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The statue of Christ - The Sacred Heart of Jesus

A bishop ordered its construction as a token of thanks for the sparing of his life

Statue of Christ In Jesus
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It was during the Spanish Civil War, a time of blood soaked confusion during which, even on Ibiza, churches were set alight and priests killed. Bishop Antonio Cardona Riera, known as Frit, fled to the hills near Puig d'en Valls and sought refuge there. He survived and was to give thanks for his escape by ordering the construction of a statue of Christ that, at 23 metres high, is a mere 14 metres "shorter" than its larger cousin on Corcovado mountain outside Rio de Janeiro...

What do Ibiza and Brazil have in common? Not a great deal, you might think - with the exception of a few attractive Brazilian go-go dancers in the clubs, and the salsa music and caipirinhas that pep up the atmosphere around the island's beaches and bars.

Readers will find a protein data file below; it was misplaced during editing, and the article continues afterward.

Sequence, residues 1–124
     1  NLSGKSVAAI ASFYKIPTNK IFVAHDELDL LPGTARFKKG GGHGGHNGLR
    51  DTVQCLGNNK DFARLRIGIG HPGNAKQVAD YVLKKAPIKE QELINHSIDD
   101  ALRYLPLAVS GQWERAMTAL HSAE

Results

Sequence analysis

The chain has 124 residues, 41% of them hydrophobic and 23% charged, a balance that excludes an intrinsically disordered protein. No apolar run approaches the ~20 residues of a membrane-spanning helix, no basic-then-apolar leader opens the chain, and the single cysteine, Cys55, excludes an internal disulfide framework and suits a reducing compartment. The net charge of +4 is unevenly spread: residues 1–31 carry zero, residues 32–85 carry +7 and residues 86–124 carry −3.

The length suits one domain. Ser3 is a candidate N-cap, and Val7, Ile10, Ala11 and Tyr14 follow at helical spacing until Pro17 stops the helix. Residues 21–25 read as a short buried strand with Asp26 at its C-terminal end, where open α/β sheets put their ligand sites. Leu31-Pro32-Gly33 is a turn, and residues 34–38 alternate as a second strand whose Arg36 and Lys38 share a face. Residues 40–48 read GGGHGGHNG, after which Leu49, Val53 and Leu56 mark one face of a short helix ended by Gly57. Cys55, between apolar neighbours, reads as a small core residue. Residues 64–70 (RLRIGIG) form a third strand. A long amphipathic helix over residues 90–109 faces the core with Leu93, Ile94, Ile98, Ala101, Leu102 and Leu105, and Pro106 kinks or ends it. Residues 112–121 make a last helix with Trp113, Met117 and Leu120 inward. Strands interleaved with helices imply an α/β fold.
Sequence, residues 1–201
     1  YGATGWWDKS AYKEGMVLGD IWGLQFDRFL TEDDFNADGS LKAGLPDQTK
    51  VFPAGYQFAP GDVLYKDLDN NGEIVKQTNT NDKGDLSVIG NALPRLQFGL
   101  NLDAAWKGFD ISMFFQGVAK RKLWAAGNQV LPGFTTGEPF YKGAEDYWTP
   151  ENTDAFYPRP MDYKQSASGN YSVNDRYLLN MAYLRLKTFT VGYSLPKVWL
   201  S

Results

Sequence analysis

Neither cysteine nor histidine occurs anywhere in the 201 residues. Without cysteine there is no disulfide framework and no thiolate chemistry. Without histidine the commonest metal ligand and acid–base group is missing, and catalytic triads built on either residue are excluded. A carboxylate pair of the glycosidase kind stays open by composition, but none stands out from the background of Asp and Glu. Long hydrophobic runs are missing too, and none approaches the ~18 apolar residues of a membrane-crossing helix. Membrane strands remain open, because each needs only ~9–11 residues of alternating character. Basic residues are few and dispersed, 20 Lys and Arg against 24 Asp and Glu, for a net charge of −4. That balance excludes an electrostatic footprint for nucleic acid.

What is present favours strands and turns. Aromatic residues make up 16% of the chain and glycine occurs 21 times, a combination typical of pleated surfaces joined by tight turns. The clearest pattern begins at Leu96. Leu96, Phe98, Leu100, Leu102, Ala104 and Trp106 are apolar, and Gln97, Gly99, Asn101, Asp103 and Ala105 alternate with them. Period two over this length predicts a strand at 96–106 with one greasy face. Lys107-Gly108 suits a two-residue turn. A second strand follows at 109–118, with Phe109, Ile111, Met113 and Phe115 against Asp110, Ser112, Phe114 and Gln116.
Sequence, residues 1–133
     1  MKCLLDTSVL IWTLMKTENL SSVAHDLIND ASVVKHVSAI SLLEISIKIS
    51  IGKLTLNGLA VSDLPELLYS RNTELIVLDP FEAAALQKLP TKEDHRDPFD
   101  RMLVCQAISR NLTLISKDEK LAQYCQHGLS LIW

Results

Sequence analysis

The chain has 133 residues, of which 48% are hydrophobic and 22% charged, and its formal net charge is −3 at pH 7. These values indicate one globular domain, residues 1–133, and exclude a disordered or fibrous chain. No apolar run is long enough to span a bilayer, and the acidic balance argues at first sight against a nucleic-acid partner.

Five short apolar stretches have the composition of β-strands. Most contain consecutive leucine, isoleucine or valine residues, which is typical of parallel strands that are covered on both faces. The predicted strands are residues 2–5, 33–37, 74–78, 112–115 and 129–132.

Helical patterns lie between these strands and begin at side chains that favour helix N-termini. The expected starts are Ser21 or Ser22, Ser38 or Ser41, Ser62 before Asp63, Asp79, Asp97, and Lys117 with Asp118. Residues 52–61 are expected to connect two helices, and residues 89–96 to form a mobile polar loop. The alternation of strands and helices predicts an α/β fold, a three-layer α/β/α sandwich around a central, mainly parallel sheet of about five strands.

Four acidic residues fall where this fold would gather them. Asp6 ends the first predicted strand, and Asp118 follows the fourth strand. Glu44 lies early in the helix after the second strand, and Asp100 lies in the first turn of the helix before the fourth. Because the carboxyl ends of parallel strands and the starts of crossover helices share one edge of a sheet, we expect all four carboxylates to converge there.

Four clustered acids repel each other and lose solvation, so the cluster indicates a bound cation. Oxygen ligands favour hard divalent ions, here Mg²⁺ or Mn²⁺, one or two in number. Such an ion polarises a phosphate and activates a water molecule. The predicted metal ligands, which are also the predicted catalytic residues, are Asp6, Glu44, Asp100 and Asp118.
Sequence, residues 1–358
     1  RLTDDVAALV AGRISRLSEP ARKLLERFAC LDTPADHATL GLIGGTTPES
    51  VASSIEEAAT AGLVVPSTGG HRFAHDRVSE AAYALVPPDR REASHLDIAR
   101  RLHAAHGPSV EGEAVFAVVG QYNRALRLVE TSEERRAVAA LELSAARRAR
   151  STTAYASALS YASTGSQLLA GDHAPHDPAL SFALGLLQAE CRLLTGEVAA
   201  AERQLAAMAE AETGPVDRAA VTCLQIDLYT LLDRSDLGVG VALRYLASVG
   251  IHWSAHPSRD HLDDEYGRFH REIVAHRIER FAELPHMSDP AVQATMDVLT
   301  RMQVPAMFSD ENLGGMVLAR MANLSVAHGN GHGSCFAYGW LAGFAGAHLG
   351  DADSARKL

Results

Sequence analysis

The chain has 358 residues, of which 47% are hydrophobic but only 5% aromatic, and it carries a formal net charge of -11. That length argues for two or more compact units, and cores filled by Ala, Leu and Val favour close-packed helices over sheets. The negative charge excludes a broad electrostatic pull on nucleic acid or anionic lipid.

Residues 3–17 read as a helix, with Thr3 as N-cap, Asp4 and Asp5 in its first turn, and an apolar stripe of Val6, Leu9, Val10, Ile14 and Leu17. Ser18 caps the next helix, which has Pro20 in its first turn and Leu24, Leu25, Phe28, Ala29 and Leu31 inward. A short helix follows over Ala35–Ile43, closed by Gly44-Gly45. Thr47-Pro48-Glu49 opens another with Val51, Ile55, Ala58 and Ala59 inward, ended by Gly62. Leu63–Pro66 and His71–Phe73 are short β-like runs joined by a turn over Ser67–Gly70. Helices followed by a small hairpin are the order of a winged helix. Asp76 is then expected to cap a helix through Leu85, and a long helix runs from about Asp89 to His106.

Very few people are aware that there is a monument on Ibiza that is a spitting image of one of Brazil's most visited landmarks. We are referring to the statue of the "Sagrat Cor de Jesus" - the Holy Heart of Jesus up on the "Puig de na Ribas" hill between Eivissa and Sant Rafel.

The figure of Jesus looks up towards the heavens, its arms outstretched, as if it wanted to embrace the whole world. It is a gesture full of compassion: Jesus appears to be searching for sheep to join the flocks of his community of believers. The statue of "Sagrat Cor de Jesus" measures 23 metres and can be seen from a distance of several kilometres. It is an impressive white stalagmite of cement and stone.

Hardly anyone knows this monument exists and anyone who happens to catch a glance of it from a distance must ask themselves: "Why is there a pillar up there on the hill?" Only those who venture a little closer will realise what they are seeing. "It reminds me a little of Rio de Janeiro," some may think, and they are not mistaken.

"Sagrat Cor de Jesus, property of the bishopric, please behave respectfully", a sign in three languages reads. The cars of a few local residents are parked in the car park. At this early hour of the day, everything is silent and the majority of the houses and apartments look unoccupied. Jesus points heavenward on his pedestal: he weighs 4,300 kilos, is over 4.5 metres high and 60 years old. "It was a great day for the people of the island when the statue was officially inaugurated on the afternoon of 12th October, 1947," states the chronicle of the bishopric.